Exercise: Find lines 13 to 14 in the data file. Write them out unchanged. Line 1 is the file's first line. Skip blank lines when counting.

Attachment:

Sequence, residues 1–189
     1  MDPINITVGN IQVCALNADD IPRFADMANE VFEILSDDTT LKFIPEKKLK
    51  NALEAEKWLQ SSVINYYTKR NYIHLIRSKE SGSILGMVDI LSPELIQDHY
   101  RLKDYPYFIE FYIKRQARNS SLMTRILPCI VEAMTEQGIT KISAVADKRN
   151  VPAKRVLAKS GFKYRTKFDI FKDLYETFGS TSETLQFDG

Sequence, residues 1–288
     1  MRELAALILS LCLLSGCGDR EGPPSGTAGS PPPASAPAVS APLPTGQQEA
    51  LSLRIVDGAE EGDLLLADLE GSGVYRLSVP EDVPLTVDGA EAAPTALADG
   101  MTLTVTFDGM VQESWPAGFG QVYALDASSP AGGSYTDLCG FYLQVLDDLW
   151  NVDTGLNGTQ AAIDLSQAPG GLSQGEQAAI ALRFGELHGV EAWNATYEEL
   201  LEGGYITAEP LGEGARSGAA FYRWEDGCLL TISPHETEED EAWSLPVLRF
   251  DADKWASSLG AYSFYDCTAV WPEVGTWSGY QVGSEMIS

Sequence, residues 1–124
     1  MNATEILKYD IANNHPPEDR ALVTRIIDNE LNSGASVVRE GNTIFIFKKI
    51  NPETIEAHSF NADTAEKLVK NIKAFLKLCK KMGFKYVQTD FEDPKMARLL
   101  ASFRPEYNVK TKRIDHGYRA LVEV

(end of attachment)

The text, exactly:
Sequence, residues 1–124
     1  MNATEILKYD IANNHPPEDR ALVTRIIDNE LNSGASVVRE GNTIFIFKKI